The Origin of Sensationalism and the End of Truth

Mickey Dugan was called The Yellow Kid for the oversize yellow nightshirt he wore. Created by Richard Outcault, The Yellow Kid was one of the first comic strips in America.

The Yellow Kid character had a shaved head, protruding ears, and buck teeth. He lived in a slum and frequented an alley with other unique characters. Outcault created The Yellow Kid to educate readers of newspapers about the conditions that the poor encountered in larger cities.

The Yellow Kid character became so popular that it led to a bidding rivalry between Joseph Pulitzer’s and William Randolph Hearst’s papers. The comic strip only ran for three years, from 1895-1898, but had an impact on society that continues even today.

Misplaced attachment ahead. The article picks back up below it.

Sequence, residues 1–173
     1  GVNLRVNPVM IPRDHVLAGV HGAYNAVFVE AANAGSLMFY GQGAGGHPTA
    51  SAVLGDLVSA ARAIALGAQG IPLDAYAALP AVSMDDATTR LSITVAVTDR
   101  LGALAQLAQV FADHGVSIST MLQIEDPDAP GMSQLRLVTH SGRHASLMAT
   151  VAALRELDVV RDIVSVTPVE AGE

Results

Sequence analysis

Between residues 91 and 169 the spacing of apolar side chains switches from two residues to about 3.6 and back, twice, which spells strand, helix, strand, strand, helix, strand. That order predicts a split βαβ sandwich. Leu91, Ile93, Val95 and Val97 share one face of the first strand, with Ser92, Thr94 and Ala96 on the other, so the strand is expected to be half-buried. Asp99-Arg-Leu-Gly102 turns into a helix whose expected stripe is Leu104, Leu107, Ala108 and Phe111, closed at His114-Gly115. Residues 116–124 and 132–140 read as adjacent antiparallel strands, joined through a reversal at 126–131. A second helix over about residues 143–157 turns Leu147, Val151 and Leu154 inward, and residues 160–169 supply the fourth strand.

Pulitzer’s and Hearst’s papers became known as The Yellow Kid Papers due to the comic strip. In an ironic twist, The Yellow Kid comic which was intended to portray social injustices led to the phrase yellow journalism.

It was common at the time for newspapers to manufacture sensational stories to sell papers. Both Pulitzer’s and Hearst’s papers used this practice and the phrase yellow journalism was born.

Fast forward to today’s society. Social media has become the purveyor of conspiracy theories which resemble the sensational articles born out of yellow journalism practices of the late 19th century. TV personalities make fortunes from what is essentially now over two-century-old yellow journalistic fraud. Candidates for office have found that the practices that began as yellow journalism can get them elected.

The irony is that The Yellow Kid first was published in a magazine called Truth. Just imagine how a comic character created to educate the privileged of society has morphed into the very opposite of its intended beginning.

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“Sensationalism seems to sell more than wonderful-positive news.”
– Michael Jackson


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